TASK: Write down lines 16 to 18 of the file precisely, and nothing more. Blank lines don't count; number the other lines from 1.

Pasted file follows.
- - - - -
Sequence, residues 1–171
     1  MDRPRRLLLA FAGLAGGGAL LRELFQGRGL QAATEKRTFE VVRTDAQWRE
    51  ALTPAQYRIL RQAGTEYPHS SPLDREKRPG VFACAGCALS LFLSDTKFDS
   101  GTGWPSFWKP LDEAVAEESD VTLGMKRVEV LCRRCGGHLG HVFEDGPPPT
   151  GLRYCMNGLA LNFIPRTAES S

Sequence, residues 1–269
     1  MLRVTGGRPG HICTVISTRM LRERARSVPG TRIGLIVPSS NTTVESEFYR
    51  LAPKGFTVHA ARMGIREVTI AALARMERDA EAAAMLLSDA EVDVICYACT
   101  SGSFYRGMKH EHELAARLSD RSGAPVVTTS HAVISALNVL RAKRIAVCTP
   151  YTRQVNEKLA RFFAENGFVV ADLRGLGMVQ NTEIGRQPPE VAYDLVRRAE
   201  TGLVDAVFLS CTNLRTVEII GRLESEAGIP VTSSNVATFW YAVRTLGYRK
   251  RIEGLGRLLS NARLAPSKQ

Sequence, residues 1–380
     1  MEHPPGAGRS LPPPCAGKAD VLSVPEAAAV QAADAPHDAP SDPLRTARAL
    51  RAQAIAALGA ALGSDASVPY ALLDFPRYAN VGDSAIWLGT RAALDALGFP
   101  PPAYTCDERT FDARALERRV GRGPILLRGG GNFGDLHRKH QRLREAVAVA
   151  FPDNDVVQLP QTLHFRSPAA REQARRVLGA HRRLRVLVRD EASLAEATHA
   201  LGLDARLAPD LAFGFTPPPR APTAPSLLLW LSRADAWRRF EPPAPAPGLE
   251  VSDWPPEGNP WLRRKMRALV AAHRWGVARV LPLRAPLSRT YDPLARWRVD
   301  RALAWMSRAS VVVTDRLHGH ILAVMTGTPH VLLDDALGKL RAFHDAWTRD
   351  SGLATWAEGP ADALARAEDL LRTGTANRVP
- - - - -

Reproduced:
   101  PPAYTCDERT FDARALERRV GRGPILLRGG GNFGDLHRKH QRLREAVAVA
   151  FPDNDVVQLP QTLHFRSPAA REQARRVLGA HRRLRVLVRD EASLAEATHA
   201  LGLDARLAPD LAFGFTPPPR APTAPSLLLW LSRADAWRRF EPPAPAPGLE